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ICYMI: Rubio Joins The Hugh Hewitt Show
U.S. Senator Marco Rubio (R-FL) joined The Hugh Hewitt Show to discuss President Biden’s visit to Israel, Hamas’s disinformation campaign, the threat posed by Iran, and more. See below for highlights and listen here.
On President Biden’s visit to Israel:
“If by ‘other team’ he [President Biden] Hamas or Islamic Jihad, he’s right. I don’t know why he uses that terminology, but I’m glad the president’s in Israel today. I think it’s important that Israel’s enemies see that the U.S. is committed, and that a U.S. president is there to show that commitment. I wish he was a bit more specific and articulate about it in terms of how he speaks about it, because what we need to understand is happening here, is that this is not just a war on the ground with rockets being fired.”
On Hamas’s disinformation campaign:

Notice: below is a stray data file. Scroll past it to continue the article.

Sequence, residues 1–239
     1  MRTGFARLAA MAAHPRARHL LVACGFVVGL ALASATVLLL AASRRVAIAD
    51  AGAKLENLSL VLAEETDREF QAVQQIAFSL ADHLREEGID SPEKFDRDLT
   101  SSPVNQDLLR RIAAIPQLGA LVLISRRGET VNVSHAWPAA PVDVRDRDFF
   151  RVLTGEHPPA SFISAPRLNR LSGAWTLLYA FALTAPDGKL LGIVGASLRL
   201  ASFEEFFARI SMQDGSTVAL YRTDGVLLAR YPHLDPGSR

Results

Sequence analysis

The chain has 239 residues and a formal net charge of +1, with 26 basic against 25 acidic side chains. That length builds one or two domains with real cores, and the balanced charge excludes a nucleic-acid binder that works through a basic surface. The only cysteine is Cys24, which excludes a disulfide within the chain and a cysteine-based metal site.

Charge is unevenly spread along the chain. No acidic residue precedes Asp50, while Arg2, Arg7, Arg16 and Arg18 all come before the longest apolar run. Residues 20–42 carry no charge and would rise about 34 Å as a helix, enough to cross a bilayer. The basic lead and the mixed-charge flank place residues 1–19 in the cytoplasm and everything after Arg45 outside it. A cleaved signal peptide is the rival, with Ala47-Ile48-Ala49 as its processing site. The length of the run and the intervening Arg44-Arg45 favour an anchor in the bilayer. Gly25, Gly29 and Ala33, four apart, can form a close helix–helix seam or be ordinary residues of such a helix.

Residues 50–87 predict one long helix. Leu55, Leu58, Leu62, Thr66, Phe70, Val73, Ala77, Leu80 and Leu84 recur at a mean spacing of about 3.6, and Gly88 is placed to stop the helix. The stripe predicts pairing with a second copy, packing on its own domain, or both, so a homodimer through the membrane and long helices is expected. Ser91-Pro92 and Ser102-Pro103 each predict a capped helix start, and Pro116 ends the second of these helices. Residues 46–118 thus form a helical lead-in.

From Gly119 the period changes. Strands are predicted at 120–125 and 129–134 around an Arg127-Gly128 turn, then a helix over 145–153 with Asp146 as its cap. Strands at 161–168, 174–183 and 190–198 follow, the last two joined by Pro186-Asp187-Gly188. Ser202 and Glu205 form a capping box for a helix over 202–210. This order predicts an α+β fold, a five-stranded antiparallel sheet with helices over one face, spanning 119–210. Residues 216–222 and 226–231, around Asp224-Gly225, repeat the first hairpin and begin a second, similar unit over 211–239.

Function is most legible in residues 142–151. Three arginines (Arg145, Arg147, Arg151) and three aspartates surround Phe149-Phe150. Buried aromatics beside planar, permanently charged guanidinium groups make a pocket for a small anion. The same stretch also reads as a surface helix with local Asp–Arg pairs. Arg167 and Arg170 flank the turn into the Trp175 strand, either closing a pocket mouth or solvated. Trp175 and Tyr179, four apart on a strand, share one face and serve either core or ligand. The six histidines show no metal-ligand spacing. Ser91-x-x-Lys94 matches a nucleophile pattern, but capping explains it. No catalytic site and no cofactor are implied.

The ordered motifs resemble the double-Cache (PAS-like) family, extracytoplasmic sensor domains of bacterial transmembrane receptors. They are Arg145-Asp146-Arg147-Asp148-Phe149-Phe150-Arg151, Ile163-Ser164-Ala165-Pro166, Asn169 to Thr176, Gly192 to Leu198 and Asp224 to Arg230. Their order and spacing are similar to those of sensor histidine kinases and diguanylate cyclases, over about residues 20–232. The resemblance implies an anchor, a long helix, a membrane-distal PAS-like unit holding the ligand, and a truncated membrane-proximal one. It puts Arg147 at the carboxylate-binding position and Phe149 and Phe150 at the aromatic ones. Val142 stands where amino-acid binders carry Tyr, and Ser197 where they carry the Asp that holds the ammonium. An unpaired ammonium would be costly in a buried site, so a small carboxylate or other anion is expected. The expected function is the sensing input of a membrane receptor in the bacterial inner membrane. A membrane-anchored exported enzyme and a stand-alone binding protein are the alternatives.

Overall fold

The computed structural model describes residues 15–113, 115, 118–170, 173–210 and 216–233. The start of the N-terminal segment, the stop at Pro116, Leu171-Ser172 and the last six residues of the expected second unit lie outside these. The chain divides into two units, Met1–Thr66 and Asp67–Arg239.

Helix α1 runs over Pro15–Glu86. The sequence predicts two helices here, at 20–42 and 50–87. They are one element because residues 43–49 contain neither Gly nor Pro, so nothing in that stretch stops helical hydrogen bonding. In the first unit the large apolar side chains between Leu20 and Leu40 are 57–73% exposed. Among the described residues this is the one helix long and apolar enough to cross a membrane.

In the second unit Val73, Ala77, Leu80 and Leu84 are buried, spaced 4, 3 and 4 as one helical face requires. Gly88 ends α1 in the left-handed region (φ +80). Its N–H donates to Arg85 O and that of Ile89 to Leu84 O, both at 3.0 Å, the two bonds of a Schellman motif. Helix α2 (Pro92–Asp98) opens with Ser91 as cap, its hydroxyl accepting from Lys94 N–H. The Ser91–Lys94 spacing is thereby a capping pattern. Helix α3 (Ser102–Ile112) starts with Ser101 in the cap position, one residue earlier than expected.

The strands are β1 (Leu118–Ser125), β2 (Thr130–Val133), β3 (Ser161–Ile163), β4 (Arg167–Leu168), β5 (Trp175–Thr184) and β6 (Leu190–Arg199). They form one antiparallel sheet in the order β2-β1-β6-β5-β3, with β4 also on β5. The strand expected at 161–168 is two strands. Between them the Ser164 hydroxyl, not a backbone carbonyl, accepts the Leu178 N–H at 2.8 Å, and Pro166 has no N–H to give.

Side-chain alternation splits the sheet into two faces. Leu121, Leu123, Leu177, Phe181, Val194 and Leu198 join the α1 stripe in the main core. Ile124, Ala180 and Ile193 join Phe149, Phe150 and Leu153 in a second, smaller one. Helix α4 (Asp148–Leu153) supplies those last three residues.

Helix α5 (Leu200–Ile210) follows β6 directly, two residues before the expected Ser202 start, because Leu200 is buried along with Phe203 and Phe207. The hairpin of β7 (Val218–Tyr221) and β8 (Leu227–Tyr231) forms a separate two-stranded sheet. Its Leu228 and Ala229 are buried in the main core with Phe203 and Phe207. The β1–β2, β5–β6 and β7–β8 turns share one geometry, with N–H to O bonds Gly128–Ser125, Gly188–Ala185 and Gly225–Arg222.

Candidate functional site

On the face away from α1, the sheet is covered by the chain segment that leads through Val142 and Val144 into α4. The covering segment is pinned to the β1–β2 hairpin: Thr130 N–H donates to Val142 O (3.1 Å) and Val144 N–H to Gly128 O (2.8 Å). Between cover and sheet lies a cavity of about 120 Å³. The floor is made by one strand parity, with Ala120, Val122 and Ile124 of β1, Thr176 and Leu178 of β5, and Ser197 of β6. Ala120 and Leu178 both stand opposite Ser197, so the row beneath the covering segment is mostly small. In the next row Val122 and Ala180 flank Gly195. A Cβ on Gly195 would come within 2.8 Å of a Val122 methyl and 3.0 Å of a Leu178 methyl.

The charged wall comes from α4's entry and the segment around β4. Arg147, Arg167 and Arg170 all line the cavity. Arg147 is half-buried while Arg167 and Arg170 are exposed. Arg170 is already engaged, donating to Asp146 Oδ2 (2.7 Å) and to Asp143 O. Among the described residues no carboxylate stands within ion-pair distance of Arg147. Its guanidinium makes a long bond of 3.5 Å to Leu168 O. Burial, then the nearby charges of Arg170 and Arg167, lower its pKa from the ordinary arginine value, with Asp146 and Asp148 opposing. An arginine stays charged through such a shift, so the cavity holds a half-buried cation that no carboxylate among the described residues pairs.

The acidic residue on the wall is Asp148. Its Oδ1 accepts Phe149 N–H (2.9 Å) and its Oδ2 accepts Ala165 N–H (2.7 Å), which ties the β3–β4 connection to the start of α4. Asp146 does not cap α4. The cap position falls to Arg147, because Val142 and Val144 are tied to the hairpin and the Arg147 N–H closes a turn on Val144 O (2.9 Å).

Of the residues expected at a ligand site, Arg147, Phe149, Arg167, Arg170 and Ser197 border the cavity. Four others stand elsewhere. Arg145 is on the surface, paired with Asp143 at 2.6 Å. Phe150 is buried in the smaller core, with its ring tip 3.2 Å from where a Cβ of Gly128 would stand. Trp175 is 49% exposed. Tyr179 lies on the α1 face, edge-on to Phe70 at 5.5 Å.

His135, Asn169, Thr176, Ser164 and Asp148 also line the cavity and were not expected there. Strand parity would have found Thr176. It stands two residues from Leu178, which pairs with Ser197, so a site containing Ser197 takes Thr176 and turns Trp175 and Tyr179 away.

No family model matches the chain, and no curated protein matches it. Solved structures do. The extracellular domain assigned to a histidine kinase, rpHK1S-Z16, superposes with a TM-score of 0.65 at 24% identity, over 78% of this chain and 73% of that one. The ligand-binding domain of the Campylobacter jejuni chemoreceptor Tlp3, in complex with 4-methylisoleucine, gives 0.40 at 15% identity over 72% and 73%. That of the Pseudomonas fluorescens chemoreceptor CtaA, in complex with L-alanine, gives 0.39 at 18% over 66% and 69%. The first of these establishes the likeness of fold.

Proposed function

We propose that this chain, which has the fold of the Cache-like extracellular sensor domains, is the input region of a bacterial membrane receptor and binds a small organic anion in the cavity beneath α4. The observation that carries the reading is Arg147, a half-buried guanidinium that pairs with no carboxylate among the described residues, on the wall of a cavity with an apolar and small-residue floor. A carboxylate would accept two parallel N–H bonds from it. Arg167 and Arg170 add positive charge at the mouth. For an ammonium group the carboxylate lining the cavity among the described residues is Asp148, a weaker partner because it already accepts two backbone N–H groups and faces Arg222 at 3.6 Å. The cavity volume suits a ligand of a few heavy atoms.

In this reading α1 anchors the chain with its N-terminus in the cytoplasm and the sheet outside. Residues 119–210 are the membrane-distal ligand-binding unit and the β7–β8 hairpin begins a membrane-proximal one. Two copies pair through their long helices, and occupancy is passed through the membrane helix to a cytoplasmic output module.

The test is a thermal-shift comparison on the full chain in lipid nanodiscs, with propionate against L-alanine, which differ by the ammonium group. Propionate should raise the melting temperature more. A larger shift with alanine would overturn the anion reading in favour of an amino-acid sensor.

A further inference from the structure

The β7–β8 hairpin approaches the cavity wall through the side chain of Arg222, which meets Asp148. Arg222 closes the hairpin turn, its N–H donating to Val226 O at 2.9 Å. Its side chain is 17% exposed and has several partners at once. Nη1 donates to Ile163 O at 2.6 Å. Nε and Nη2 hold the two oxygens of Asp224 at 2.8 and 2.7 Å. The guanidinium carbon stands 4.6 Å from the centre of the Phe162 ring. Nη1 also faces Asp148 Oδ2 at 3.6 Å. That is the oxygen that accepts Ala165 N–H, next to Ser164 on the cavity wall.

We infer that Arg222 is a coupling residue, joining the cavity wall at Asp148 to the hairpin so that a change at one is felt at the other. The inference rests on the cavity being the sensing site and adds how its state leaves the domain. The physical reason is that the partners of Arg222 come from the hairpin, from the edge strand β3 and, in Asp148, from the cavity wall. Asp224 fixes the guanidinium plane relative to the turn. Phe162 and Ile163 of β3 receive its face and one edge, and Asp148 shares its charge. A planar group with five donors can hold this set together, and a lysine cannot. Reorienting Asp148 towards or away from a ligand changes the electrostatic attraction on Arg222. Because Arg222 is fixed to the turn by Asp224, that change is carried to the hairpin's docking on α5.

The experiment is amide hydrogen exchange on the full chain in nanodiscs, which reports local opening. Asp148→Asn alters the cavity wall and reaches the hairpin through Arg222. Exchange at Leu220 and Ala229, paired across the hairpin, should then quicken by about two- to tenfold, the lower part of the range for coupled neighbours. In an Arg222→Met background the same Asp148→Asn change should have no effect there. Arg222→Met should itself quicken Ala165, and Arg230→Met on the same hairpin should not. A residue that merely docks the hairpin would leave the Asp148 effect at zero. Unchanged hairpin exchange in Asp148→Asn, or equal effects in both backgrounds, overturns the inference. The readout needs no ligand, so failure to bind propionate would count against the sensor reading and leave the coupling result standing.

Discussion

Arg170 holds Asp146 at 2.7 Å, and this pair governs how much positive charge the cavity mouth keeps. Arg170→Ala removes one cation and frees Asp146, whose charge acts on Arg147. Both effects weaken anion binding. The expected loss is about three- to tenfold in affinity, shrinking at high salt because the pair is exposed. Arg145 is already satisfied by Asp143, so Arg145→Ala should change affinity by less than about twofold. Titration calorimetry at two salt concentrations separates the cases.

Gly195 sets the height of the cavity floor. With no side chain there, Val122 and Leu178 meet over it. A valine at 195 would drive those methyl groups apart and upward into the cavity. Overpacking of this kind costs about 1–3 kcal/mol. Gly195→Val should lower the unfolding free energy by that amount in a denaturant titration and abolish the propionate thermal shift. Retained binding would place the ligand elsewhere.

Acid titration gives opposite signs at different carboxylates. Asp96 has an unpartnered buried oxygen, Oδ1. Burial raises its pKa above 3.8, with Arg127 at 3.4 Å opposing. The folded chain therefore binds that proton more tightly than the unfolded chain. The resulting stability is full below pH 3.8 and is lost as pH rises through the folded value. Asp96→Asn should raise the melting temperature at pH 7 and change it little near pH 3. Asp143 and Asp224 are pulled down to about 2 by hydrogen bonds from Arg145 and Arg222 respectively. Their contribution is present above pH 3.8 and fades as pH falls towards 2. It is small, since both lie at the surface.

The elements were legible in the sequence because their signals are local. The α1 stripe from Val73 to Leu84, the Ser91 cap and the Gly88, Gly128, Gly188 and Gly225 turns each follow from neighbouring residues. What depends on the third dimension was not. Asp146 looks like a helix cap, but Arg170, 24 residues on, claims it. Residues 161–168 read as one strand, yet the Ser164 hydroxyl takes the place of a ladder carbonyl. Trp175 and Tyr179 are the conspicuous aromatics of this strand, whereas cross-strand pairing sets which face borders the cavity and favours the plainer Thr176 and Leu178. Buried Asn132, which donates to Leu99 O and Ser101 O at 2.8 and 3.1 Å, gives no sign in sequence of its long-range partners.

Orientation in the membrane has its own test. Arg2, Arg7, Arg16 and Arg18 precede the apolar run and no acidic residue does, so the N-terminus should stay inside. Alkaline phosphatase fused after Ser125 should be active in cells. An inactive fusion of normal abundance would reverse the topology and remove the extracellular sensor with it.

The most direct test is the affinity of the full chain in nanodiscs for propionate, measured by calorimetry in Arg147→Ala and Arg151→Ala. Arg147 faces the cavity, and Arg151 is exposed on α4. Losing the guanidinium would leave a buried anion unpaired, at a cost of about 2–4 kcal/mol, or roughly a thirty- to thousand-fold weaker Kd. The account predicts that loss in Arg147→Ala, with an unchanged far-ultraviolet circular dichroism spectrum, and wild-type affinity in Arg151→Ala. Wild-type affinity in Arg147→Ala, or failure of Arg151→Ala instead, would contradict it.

“There’s also an informational war going on. What really bothers me is, you see the press reporting immediately yesterday [that] ‘Israel strikes hospital.’ As it turns out, it’s not true. And the source of that information was what they call the Gaza health ministry. The Gaza health ministry is the Hamas health ministry. It is a Hamas-controlled organization. It is entirely under the power of Hamas, and they’re going to use every opportunity to try to smear Israel and to inflame the street. It has real consequences.
“If you look now in Beirut, in Amman, Jordan, in Turkey, you’ve got efforts to attack the Israeli embassy, and in some cases the U.S. embassy as well. For example, in Lebanon, even as we speak, there are these massive protests outside the embassy. It’s a very serious situation. Everyone needs to be responsible here when they report information from this Hamas health ministry.”